Since 1995 - Non Profit Healthcare Advice

Daily Oral Hygiene Routine

At every age, regular daily care of the mouth and gums is important. The daily oral health care routine for an older adult who has his or her own teeth should include:



  • Brush at least twice a day.
  • Use a regular or electric (or spin) toothbrush with soft bristles. Be sure to replace it regularly.
  • Use a small amount of toothpaste, about the size of a pea. The best toothpaste has fluoride and the American Dental Association’s Seal of Acceptance.
  • If toothpaste causes problems such as swallowing, try using a sensitive toothpaste, alcohol free mouthwash, or just water.
  • Brush each tooth gently, front and back.
  • Brush the tongue. Rinse the mouth.
  • Let the toothbrush air dry.


Older adults may have difficulty flossing their own teeth. A family member/caregiver can helBrushingp by doing the following:

  • Use a string of floss 18-24 inches long, and wrap it around the middle finger of each hand.
  • Grip the floss between the thumb and index finger of each hand.
  • Start with the lower front teeth, then floss the upper front teeth. Floss through all the teeth.
  • Work the floss gently between the teeth to the gumline. Curve the floss around each tooth and slip it under the gum. Slide the floss up and down.
  • Adjust the string of floss for each tooth.
  • Some older adults may be able to floss on their own by using a floss holder.


The older adult may need additional fluoride, often available as a fluoride rinse or gel. Some products are available over-the-counter, while others are in prescription concentrations. Ask the dentist if a flRinseuoride product would be helpful.

A chlorhexidine rinse can fight germs that cause gum disease. Again, ask the dentist if this type of rinse should be part of the daily oral hygiene routine. This type of rinse is available by prescription from the dentist.

Mouthwash (choose a brand to help avoid dry mouth) will also help keep breath fresh – and help reduce bacteria in the mouth.

These rinses should not be swallowed. For patients with swallowing problems, talk to a dentist.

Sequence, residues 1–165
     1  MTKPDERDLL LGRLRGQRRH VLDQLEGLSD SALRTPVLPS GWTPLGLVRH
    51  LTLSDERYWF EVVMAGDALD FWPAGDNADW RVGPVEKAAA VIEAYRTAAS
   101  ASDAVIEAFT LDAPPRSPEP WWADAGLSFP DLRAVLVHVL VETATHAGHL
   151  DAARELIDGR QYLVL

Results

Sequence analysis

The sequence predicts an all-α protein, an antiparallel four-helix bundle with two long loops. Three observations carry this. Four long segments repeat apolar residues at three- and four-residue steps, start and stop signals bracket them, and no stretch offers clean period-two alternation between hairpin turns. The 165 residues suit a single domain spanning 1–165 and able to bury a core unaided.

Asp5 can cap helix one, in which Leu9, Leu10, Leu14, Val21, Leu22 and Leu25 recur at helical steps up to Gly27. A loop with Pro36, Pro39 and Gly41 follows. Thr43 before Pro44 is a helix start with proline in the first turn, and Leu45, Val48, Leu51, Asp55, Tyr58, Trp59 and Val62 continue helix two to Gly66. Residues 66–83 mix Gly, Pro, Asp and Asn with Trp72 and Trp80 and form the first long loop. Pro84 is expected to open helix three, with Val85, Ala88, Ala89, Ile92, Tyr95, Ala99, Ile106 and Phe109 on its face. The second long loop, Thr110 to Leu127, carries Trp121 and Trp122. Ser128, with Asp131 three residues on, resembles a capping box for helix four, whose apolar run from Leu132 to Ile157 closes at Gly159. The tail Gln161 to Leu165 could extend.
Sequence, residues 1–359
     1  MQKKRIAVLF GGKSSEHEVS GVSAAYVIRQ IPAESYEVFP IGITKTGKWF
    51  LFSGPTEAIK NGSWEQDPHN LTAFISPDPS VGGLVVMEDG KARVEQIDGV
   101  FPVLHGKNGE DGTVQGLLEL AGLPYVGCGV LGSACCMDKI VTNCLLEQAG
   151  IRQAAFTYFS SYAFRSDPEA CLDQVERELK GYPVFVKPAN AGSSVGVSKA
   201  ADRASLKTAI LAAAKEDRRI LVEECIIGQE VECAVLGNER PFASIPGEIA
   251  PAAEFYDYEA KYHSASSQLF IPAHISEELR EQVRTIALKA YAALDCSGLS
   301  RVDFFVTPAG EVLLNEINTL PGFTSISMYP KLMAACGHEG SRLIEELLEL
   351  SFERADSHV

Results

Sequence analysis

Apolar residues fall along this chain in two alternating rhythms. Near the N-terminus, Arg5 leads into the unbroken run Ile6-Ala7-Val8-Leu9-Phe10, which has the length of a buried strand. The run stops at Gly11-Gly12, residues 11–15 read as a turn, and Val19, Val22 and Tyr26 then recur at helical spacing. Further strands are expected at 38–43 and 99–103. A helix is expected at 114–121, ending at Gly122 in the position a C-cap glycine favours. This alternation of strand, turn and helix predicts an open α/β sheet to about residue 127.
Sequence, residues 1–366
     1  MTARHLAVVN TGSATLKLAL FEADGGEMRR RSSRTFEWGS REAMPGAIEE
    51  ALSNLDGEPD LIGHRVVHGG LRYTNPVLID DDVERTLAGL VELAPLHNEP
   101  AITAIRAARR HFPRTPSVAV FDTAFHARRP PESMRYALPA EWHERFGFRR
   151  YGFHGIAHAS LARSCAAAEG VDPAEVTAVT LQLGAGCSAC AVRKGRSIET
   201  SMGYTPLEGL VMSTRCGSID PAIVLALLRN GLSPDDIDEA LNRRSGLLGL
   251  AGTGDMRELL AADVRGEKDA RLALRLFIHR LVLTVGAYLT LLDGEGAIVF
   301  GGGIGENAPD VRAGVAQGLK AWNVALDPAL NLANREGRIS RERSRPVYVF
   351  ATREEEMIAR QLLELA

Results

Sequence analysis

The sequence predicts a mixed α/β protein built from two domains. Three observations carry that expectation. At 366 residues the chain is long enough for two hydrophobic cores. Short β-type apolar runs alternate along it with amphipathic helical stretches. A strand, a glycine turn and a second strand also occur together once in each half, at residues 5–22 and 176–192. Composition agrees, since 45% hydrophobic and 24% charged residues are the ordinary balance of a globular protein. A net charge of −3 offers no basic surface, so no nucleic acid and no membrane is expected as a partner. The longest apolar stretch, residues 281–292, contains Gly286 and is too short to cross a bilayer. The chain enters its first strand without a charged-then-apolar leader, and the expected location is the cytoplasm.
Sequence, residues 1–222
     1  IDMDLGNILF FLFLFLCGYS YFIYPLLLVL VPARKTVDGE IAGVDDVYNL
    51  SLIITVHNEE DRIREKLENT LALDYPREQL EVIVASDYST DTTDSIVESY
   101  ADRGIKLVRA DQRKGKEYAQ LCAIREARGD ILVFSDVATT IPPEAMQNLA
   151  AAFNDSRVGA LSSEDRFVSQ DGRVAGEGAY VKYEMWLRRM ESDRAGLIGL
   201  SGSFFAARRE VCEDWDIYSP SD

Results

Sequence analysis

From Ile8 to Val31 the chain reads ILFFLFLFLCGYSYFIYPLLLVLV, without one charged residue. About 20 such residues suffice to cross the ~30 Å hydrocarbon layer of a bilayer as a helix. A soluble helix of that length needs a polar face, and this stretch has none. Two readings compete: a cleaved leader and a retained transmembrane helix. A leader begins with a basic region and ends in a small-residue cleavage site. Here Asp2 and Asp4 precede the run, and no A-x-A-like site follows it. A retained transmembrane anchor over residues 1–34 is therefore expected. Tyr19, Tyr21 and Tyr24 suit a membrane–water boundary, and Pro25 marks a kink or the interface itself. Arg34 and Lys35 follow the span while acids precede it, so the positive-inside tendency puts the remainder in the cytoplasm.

Regular Visits to the Dentist


Older adults should visit the dentist at least twice a year for a professional cleaning and examination. Those without any remaining natural teeth should also have their gums and oral tissues examined once each year.

For an adult who cannot communicate well, family members and caregivers should provide the following information to the dentist at each visit:

  • Is there pain?
  • Is there difficulty eating, chewing, or swallowing?
  • The older adult’s dental history
  • The older adult’s medical history, including a list of medications, history of tobacco use, known allergies, and illness/surgical history
  • Insurance, billing, and legal information, such as who can legally give consent for treatment
  • If the patient wears dentures, bring them to the appointment.

To find a dentist, or where to get reduced or no-fee dental care for those in need, visit the following sites:

  • Ohio Dental Association Dental OPTIONS. Dental OPTIONS is a program provided through a joint partnership between the ODA and the Ohio Department of Health that helps qualified, uninsured adults in Ohio obtain access to dental care.

For those with limited financial resources and no private dental insurance, there is a statewide listing of reduced fee/sliding fee scale dental clinics in Ohio’s counties. Simply click onto the appropriate county on the Ohio map at the webpage indicated above. When the next page opens, go to the drop down menu, and select Dental Care Program. The information includes locations, hours, and eligibility criteria for free or reduced fee dental care, and if the clinic accepts Medicaid.

Published with permission from Smiles For Seniors … an oral health initiative of the Ohio Dental Association.

For more information:

Go to the Dental and Oral Health (Seniors) health topic.